Questions of pay, disclosure arise for mom bloggers


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The kitchen in Rachel Cunningham's Latrobe home started out the year with "an orange sherbet-colored bulkhead, a dingy beige-colored backsplash and an ugly green wallpaper." But now, redone in PPG Paint's light sage and cream puff shades, it "actually looks presentable."

We know this because Ms. Cunningham is what is casually known as a mom blogger, one of the tens of thousands who have merged parenthood and technology to create online publications that talk about their lives, their frustrations and, yes, products like PPG Paint.

She and her Third Stop on the Right blog with 1,500 unique visitors per month, were recruited by public relations agency Burson-Marsteller's Pittsburgh office for a PPG Industries' Pittsburgh Paints project. She agreed to talk about the company's product in return for brushes, a T-shirt and free paint chosen from a selection of trendy shades.

That's been the traditional way that mom bloggers have worked with companies. But the business model that connects advertisers and the blogosphere is changing.

Public relations agencies now incorporate blogs into their overall marketing plans for clients; networks of bloggers help identify the most appropriate ones to recruit for those marketing efforts; and then bloggers, aware of the value they bring to the deal, consider how they want to be rewarded.

Five years ago, paying a blogger wasn't something that came up often, said Caroline Friedman, senior associate at Burson-Marsteller. Now, she said, many more are responding to promotional inquiries with explanations of the rates that they charge for their time and access to their reader base.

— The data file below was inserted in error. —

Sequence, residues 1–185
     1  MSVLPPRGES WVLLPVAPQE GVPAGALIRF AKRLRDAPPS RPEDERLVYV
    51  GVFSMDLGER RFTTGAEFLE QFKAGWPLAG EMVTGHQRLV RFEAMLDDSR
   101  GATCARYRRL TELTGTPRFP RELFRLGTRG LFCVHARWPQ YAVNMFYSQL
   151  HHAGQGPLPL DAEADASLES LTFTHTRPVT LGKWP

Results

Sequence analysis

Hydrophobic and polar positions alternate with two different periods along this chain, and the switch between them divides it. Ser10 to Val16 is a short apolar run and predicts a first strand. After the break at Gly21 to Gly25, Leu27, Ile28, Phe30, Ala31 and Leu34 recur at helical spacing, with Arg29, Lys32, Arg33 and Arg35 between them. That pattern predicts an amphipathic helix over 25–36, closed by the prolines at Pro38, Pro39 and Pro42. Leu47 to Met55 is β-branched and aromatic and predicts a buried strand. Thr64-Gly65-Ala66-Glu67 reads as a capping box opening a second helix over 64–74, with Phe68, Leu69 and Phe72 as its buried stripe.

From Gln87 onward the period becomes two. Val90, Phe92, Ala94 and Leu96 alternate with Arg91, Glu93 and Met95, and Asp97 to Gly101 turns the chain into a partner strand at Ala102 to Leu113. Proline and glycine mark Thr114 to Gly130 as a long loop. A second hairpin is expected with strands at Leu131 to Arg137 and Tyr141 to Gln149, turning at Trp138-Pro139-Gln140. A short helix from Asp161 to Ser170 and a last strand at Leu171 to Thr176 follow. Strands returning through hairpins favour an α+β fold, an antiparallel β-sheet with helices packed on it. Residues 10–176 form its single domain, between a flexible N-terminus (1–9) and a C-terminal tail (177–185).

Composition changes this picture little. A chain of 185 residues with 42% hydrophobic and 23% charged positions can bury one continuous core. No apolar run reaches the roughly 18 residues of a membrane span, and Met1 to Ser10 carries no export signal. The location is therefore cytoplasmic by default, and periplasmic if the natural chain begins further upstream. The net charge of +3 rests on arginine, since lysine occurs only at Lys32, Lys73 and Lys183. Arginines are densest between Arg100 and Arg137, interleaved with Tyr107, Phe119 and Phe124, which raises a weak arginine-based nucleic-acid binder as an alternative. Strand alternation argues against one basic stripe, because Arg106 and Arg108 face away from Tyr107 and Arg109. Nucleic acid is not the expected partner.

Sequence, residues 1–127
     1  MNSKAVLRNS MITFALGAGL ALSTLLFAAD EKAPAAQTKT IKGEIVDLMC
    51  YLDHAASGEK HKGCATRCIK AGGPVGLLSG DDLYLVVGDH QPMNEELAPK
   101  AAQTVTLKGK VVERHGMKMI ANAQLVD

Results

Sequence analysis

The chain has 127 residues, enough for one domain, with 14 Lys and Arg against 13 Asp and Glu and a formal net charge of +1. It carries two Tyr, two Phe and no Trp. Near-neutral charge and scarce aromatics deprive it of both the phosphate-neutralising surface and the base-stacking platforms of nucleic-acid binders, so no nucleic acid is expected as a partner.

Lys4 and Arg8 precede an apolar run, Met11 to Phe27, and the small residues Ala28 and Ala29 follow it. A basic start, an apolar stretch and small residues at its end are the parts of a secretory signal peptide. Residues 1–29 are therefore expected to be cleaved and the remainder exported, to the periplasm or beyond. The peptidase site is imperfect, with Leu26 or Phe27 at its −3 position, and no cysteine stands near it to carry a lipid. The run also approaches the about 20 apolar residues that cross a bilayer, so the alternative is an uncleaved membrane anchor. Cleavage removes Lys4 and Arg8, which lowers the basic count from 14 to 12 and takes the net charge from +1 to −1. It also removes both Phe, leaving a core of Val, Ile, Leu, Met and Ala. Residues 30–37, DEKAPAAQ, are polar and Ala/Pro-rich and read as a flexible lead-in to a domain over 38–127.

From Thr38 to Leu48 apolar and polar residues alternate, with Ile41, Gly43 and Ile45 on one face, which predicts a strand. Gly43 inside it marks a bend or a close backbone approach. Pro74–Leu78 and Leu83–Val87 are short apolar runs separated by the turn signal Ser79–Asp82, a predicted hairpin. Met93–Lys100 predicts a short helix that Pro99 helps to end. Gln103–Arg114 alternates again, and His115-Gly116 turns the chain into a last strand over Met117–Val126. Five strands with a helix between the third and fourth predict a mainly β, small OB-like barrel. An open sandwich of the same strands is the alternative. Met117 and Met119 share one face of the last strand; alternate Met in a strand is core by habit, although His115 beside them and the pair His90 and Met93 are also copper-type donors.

"It's a very noticeable shift every few months," said Ms. Friedman, who works on various programs involving bloggers, including an ongoing project with Hormel Foods.

The marketing community has done enough tracking of mom blogs to respect the power in them. H&R Block found almost 4 million mom blogs in North America last year, with 500 having built a large enough audience to have significant influence.

Cooper Munroe and Emily McKhann saw the opportunity in the medium early on, co-founding The Motherhood, a social media marketing agency, in 2006. The two women, both with backgrounds as marketing and public relations executives, thought they could be effective matching clients with bloggers.

Now they have a network of about 14,000 bloggers, working mainly with 3,000 who are part of a database targeting the blogger's interests and strengths. "We work with them and get to know them," said Ms. Munroe, who is based out of Aspinwall.

The Motherhood has worked with brands such as Huggies, Hebrew National Hot Dogs, Johnson & Johnson and the Centers for Disease Control.

The Motherhood co-founders recall some controversy around their push early on to do deals that acknowledged the time and expense that bloggers were going to with things like stipends. Ms. McKhann, who works in New York, recalls they made the decision: "We are going to set up a professional relationship."

Some people pointed out that traditional reporters don't get paid for stories. But bloggers don't have an ad staff to separate the money-generating side from the editorial side.

"We were kind of figuring it out as we went along," said Ms. Munroe.